Saturday, 27 June 2009

I almost called you old...

I've had a couple of conversations recently on the topic of communication and generation differences.

I've done a couple of audio conversations (not *quite* interviews) for a work thing - the first on GenY and another on Online Collaboration. I love this stuff, and am keen to learn (and share!) as much as I can.

On Father's Day (ie a little under a week ago) I spent some time with Mum & Dad and we ended up talking about online networks and Dad (who is far from a luddite) said that these things don't really interest him as he's always just kept himself to himself. Okay, but what about when you are looking for some help to do something on your Triumph motorbike, or an issue with your mobile phone - there will be online communities or networks that will be perfect to help you with that.

Interestingly, since they moved house last year, Dad has been great at getting to know his neighbours, helping cut trees & build fences. Something that a younger generation might not do. Mum has started playing with Facebook a bit. Seems to be enjoying it and can't quite see the point (yet), but not giving up on it yet. Mum & Dad are either late Baby Boomers or Generation Jones, I'm (just) a part of GenY. Positively, neither were saying "it's wrong, rubbish and shouldn't be allowed"!

I think the ability to interact with people is one I'm relearning through a number of ways - but it's all about dialogue, not monologue.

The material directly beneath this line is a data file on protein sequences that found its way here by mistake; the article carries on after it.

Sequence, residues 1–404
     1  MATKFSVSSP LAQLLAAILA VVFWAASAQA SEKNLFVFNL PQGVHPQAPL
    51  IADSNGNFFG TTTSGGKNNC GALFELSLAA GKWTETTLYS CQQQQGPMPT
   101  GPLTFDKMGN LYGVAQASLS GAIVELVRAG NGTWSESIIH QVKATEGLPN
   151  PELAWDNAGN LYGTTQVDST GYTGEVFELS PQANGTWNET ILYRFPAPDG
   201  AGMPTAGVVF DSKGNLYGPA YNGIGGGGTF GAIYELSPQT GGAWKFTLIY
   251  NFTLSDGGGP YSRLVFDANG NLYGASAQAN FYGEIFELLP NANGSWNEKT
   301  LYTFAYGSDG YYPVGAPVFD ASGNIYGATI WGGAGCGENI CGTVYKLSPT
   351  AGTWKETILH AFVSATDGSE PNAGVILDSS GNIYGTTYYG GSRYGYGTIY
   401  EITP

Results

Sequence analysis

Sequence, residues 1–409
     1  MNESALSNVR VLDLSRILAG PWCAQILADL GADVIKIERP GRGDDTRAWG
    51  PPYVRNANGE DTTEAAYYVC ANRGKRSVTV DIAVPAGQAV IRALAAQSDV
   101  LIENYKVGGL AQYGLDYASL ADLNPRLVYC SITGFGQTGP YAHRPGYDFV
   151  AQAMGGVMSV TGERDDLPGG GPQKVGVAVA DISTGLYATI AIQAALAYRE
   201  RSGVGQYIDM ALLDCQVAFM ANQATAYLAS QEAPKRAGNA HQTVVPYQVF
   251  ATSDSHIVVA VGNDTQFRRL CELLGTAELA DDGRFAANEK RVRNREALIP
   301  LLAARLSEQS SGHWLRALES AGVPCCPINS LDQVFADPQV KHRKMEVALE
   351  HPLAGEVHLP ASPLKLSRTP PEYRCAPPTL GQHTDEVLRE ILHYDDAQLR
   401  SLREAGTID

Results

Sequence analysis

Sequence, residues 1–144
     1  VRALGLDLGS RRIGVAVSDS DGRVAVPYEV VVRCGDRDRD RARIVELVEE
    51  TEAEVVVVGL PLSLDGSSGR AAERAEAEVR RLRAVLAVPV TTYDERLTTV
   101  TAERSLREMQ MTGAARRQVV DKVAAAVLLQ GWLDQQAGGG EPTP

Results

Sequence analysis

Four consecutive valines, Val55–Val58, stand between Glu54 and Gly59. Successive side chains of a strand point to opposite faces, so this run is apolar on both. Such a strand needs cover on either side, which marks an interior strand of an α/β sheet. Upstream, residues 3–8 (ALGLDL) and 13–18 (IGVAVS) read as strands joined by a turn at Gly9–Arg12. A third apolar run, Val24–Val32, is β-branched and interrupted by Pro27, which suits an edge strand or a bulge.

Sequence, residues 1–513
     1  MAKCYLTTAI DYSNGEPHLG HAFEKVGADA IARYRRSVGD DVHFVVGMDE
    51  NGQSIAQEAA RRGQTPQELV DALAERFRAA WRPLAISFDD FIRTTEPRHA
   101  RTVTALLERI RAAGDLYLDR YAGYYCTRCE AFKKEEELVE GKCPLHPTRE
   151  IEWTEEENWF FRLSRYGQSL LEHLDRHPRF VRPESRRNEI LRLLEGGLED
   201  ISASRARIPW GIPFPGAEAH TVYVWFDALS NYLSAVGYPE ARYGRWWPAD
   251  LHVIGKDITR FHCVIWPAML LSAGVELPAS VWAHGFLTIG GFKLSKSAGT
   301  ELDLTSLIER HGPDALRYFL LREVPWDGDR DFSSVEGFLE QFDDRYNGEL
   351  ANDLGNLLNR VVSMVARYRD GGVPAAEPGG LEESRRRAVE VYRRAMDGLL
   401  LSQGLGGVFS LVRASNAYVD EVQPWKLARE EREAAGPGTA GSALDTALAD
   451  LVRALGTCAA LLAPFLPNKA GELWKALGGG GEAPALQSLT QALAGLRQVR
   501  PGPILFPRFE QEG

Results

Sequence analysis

In a meeting at work the other day we were reflecting on an event we'd put on with one of the corporate directors. We'd arranged an interview as well as questions from the floor. The interview had some business topics and some personal ones. We felt it was right that people get to know this director as a person, not just a Boss. One of the questions was "brown sauce of tomato sauce". When we were talking about it, a Baby Boomer said she felt there were too many personal questions, not enough work-related. I agreed to a point, but then the comment was made "and as for that question about the sauce...". That was it, for me. I felt the need to explain that actually people want to know that these guys are human as well. We put them on a pedestal and say "listen to my edicts", but actually they are people, with real lives, making real decisions, right?

I had to stop myself saying "my generation doesn't care about hierarchy or how important someone should be - we care about who they are (at least I do!) and what drives them". I almost said "I guess we're just from a different era". I'm glad I did. Mostly.

So, the whole experience has made me think a little more that I need to be inclusive - that communication I come up with, or help develop has to meet the needs of a diverse audience. While I don't want to water things down until they are meaningless, neither do I want to prefer one generation over another, just 'cos one of them is so stuck in it's ways that it'll never change (;-P - that's a pale attempt at irony, incase you missed it!).

Anyway, what do you think? Have you had any similar experiences or experienced something that connected with you & colleagues of a different generation? Leave a comment and share your story!

1 comment:

Peter Day said...

This whole issue is a very great challenge, not just in the workplace and family, but also in church life. You said "it's all about dialogue, not monologue."

I think that is the key to building between generations. And giving others the freedom to talk... rather than just speaking about what interests you, allowing others to talk about what interests them... and then I have found connections can be made.

Such as... the quiet old lady in the church who is passionate about football and tennis... or the young man who has just started learning to the delight of the elder brother from Scotland.

If we don't listen we never learn about a person and there is nothing to connect with. But if we do listen, cross-generational friendships can form.